Introduction to machine learning
Today we take a closer look at the most basic machine learning algorithm to train on well-known dataset of Iris flowers (it has itself even Wikipedia page) and predict new Iris flowers based on your measurements.
First of all, we need to have Python installed (this tutorial is written for Python 2.7). Then some proper Python IDE or some text editor. I highly recommend Spyder (for Windows) and CodeRunner (for macOS).
We are ready to go. So how machine learning works? Well, you need some dataset and some classifier. Each dataset has to contain some measurements e.g., attributes and some labels of class e.g., predictors. Each row represents one instance. On the other hand, classifier is considered as instance of sci-kit learn library object (programmatically speaking). So we need some dataset and create instance of some classifier to train it.
Iris flower dataset
Iris flower dataset is probably the most used dataset in sci-kit lean tutorials so why don’t start with it?
First assumption for dataset is that it has to have proper data structure. Second assumption is to “somehow” (it is for another tutorial) represent population of which measurements come from. If your dataset won’t be variable same as your population, it will probably won’t work good because of ovewfitting. Classifier would not predict very well data with big variability.
Dataset was presented by sir Ronald Fisher in 1936 and it contains measurements about Iris flowers. Sepal and petal length and width. Then it contains variable target_names which contains a type of flower – setosa, versicolor or virginica. For computation purposes it is coded as nominal values 0, 1 and 2.
On the following image you can see distribution of each instances of “tested” population of Iris flowers.
Importing dataset is easy since it is included in sci-kit installation. So we start our script with:
from sklearn.datasets import load_iris iris = load_iris()
Then variables iris contains the whole dataset. We have to parse it to be more useful for machine learning classifier. What about to parse it into attributes and labels – predictors.
X = iris.data Y = iris.target
Classifier and training
Create and train classifier is due to sci-kit learn module pretty easy. First we need to create instance of object classifier. So first we need that object and this is done by importing another module to our Python script.
from sklearn import tree
Then we can create instance of object tree like a charm:
clf = tree.DecisionTreeClassifier()
Method of training is also very straightforward. It contains only two (required) parameters such as attributes and predictors. We can simply use our parsed data we prepared before:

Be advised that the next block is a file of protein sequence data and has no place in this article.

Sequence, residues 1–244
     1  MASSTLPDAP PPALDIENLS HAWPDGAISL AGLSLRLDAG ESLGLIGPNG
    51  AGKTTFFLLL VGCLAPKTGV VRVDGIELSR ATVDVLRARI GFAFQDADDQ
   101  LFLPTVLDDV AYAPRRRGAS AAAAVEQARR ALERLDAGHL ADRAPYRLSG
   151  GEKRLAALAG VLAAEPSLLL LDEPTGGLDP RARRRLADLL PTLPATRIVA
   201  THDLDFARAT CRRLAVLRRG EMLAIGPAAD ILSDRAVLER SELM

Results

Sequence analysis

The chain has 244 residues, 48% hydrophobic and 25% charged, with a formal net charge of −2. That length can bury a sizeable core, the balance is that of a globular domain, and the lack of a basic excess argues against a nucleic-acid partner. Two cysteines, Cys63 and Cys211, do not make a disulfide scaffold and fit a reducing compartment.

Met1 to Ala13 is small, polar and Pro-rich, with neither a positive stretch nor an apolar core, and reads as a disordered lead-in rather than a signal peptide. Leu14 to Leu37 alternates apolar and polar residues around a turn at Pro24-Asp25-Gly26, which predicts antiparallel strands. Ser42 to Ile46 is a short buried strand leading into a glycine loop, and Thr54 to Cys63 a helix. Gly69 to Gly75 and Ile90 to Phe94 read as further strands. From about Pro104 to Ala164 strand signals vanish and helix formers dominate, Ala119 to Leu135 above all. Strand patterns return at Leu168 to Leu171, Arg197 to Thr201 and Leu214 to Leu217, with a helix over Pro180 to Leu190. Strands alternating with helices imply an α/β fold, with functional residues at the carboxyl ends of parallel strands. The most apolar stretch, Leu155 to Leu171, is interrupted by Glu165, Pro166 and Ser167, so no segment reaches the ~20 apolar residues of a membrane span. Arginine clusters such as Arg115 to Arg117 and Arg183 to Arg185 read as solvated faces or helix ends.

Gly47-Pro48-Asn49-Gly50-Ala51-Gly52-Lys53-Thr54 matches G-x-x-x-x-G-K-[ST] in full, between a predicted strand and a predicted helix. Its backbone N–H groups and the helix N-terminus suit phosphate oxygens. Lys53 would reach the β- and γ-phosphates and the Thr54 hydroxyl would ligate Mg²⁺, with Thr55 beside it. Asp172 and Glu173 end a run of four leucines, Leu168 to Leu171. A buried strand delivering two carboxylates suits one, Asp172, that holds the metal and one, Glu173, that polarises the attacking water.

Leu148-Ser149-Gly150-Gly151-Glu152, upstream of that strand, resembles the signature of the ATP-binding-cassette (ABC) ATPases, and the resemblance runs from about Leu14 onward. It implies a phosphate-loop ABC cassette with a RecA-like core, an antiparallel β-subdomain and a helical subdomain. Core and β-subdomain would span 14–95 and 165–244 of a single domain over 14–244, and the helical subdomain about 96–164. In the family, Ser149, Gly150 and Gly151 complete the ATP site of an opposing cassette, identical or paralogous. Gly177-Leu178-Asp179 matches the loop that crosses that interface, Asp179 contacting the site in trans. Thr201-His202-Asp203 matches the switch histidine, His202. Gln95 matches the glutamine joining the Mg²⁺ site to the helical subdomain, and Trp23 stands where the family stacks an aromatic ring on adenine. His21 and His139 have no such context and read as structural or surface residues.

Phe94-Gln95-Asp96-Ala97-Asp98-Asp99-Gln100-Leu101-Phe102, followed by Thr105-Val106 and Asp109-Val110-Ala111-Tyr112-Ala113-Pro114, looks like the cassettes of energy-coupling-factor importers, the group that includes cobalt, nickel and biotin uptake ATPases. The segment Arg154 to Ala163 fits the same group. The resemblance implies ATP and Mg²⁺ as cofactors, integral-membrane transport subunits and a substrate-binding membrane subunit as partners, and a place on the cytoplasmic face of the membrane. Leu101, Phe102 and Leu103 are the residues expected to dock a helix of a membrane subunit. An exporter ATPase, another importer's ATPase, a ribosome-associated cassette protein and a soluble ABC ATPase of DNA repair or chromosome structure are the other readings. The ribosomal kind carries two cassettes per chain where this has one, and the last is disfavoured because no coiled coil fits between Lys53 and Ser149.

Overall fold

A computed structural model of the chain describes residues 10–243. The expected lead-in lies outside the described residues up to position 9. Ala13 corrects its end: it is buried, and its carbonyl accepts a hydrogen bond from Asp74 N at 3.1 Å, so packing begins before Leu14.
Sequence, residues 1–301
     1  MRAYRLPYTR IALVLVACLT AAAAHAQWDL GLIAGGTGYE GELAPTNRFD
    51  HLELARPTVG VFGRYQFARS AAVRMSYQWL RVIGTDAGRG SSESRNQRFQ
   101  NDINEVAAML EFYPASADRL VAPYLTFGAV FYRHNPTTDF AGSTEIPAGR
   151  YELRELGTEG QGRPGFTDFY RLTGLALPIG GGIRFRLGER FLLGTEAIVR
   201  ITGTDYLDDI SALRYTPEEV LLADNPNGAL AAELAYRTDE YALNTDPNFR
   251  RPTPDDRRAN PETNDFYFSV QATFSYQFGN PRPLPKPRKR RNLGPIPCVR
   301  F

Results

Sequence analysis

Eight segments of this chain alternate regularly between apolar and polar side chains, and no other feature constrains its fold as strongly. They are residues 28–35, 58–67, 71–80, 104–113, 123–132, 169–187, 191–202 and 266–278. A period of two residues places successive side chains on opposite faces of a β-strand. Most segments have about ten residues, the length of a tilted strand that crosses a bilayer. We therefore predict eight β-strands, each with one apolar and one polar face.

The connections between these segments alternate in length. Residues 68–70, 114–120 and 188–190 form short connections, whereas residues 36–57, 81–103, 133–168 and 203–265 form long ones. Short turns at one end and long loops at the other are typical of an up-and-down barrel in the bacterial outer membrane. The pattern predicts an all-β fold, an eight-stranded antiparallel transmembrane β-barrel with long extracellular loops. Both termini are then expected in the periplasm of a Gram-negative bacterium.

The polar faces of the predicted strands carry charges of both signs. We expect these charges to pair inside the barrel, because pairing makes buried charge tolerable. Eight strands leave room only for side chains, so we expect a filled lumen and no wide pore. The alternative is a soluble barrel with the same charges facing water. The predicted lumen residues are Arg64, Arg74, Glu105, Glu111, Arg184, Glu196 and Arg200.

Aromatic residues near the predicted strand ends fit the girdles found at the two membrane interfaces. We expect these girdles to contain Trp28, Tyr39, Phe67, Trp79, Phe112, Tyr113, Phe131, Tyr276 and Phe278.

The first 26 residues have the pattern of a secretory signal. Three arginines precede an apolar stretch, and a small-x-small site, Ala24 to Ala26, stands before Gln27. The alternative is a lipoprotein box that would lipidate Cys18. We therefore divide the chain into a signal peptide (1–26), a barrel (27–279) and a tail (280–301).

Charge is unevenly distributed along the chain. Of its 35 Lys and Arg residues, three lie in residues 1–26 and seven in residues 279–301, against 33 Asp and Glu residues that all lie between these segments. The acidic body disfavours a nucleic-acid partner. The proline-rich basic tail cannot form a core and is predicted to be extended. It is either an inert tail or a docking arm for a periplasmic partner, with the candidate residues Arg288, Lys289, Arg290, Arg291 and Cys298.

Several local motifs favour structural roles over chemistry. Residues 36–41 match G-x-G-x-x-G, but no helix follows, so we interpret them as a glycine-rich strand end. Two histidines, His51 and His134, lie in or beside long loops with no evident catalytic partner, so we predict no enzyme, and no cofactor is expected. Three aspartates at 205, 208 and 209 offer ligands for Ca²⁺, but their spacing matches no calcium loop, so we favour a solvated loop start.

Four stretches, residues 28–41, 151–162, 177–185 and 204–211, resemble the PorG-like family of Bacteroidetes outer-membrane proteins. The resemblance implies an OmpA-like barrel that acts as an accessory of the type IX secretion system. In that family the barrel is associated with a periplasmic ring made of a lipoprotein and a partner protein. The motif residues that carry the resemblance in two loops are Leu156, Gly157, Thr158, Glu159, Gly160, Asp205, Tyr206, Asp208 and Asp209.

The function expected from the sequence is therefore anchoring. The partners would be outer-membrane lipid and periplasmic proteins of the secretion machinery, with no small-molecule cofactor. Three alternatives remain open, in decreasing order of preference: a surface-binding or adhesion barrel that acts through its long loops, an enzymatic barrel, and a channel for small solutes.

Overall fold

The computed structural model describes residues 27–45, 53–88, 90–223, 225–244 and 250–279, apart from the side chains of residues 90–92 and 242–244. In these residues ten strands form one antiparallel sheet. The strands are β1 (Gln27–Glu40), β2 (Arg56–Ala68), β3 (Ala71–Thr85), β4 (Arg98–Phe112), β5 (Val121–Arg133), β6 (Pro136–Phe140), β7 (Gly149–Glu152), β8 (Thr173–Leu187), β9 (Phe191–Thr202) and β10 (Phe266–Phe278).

clf = clf.fit(X, Y)
Then comes a little bit of programming, but don’t be afraid it is easy one. New measurement can be predicted by calling method predict on classifier object like:
p = clf.predict([2,3,1,3]) print p
But as mentioned all predicted class would be integers so you have to remember that 0 is setosa, 1 is versicolor and 2 is virginica. If you feel into some coding let’s get into it.
We built pretty simple function which tells us predicted Iris flower based on predicted value of classifier instance. Its only parameter is integer from 0 to 2 and it return a printout on screen which Iris flower it is. It is pretty handy and easy so why not.
We declare this function after importing all modules at the beginning of the script.
def whichtarget(predictor): if predictor == 1: print "It is probably Iris Setosa." elif predictor == 2: print "It is probably Iris Versicolor." elif predictor == 3: print "It is probably Iris Virginica." else: print "Unknown predictor."
And then we can call this function anywhere in our script by simply calling its name which parameter.
The whole script is followings:
# Very basic machine learning model # ================================= # Michael Tesar &lt;firstname.lastname@example.org&gt; # 2016 # It uses decision tree classifier to model # sci-kit learn default dataset about Iris # flowers. It also contains a function which # prints out a string of predicted values into # console. # Import libraries from sklearn import datasets from sklearn import tree import numpy as np # Define function to print which Iris is predicted def whichtarget(predictor): if predictor == 1: print "It is probably Iris Setosa." elif predictor == 2: print "It is probably Iris Versicolor." elif predictor == 3: print "It is probably Iris Virginica." else: print "Unknown predictor." # Load iris dataset iris = datasets.load_iris() # Prepare dataset for analysis X = iris.data Y = iris.target # Create instance of classifier clf = tree.DecisionTreeClassifier() # Train classifier clf = clf.fit(X, Y) # Predict new values p = clf.predict([2,3,1,3]) # Print out which flower it is whichtarget(p)